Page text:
We all have our 9/11 stories, especially those of us in NYC or DC or Pennsylvania at the time, or those with loved ones who were in the towers or were rescuers. New York was a place like no other in the days that followed–more compassion and care amid the shock than I’ve ever known before or since among a society of strangers bound by an experience. There was a willingness to do, just do, for others you saw everywhere. I don’t know if our nation’s journey toward selflessness would have jumped ahead so dramatically without the tragedy (yes, we still have so far to go)–I hope to never have that tested as a theory in the future–but it did open up a conversation about how to be there and support one another that showed us all at our best. It was not, of course, limited to the United States–I traveled internationally ten days later–on practically empty flights, and everywhere we went in Norway, we were told, again and again, some version of: “We are all American in our hearts, and we are all with you.”
That spirit of service is one of the bright patches from that darkness eleven years ago–and now, September 11 is known as the National Day of Service and Remembrance. If you visit the nation’s websites at serve.gov, you can find volunteer projects near your home where you can make a commitment and make a difference in the future. Make something change because YOU were THERE (and visit the site throughout the year when it is time to do some giving work).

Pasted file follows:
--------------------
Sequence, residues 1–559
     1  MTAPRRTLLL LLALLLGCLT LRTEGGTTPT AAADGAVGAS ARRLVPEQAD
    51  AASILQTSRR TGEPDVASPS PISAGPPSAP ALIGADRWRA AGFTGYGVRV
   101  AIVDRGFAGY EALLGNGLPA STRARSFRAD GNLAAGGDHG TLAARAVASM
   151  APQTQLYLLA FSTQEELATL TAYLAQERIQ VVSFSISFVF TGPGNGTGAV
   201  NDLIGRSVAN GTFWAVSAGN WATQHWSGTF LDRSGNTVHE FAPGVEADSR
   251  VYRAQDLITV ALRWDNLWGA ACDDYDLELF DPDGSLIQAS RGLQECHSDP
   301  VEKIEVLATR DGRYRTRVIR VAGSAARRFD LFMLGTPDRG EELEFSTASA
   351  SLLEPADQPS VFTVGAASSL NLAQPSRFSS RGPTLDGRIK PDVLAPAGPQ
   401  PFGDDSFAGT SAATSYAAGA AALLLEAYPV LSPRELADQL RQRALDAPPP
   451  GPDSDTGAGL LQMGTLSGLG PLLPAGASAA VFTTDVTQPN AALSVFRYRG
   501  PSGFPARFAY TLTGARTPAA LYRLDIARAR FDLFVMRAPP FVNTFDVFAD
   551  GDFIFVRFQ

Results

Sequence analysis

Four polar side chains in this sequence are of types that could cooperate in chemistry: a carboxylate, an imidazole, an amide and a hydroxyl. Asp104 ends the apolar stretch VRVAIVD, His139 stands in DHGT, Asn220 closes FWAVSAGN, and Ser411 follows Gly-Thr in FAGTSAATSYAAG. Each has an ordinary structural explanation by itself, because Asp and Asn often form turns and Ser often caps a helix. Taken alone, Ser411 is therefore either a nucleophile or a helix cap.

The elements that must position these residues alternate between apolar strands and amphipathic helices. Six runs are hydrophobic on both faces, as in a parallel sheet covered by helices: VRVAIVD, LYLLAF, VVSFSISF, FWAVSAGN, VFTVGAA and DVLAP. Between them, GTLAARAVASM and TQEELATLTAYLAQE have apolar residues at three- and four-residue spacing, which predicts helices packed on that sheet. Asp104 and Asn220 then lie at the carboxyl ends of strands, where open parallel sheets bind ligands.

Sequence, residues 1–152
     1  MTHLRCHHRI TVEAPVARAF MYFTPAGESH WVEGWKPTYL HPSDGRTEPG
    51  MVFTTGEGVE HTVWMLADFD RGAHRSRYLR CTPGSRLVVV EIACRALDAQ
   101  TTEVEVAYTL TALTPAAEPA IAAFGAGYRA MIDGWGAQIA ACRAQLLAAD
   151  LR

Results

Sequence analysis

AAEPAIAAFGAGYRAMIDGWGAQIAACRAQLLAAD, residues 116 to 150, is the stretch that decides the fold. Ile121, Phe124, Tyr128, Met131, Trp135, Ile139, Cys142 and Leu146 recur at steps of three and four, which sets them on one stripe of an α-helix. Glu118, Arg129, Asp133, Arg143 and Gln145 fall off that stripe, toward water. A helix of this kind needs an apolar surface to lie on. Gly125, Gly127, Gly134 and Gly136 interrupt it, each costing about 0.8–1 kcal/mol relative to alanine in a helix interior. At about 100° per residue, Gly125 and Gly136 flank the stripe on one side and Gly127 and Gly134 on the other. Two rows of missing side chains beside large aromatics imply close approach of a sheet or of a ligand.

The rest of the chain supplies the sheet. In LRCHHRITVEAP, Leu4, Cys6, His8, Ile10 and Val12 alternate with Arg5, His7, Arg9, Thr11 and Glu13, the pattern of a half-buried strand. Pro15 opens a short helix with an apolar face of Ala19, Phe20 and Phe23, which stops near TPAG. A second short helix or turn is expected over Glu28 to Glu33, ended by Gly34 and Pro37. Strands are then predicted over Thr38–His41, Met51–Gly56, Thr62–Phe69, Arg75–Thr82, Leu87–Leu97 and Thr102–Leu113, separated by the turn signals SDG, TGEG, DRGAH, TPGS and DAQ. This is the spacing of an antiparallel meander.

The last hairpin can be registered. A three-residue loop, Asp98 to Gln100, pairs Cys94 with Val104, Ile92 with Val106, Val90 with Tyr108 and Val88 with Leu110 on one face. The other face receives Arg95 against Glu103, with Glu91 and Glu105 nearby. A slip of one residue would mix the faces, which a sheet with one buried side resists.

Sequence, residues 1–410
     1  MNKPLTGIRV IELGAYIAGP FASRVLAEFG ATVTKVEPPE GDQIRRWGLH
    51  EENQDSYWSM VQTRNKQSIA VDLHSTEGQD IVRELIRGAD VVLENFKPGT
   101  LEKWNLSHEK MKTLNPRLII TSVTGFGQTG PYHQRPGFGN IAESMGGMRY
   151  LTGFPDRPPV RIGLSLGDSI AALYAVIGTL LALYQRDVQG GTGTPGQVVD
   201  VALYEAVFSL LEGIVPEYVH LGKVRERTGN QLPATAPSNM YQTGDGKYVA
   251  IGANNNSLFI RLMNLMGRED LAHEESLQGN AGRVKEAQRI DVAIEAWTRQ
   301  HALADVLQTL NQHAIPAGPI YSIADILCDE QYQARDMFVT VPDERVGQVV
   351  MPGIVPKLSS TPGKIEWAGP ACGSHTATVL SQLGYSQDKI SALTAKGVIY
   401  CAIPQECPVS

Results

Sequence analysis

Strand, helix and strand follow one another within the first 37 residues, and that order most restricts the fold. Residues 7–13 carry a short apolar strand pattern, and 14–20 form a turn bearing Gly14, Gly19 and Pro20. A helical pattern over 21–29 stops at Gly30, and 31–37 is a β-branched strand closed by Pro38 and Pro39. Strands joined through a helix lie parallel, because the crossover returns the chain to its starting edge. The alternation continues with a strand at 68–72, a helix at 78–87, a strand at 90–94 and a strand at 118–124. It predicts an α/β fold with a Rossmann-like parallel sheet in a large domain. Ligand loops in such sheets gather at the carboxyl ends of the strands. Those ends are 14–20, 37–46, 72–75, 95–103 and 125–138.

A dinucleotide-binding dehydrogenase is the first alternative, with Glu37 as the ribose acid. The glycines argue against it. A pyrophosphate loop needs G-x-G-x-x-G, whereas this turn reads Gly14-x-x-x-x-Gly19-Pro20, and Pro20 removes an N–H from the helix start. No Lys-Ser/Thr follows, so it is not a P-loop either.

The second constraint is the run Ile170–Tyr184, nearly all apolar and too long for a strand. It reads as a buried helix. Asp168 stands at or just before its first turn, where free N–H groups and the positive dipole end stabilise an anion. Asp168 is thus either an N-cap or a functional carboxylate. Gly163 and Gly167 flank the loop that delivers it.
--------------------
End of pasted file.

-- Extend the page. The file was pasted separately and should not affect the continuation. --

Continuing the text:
The website for 911day.org also provides direct place-based information for how you can remember through positive action. Sign up for a project now.
If you are a New Yorker, or live in the area, and would like to actually volunteer at the 9/11 Memorial museum/Ground Zero site, find out how to apply here. It is revered and hallowed ground for so many, and just a stop on a double-decker tourist bus and photo opp for others, but it is a part of history, and being a steward for that would be incredibly powerful (and a big emotional responsibility). You would be doing things like supporting staff, escorting large groups or visitors with special needs, helping people find specific names on the monument, and more–handing out a lot of tissue, I expect.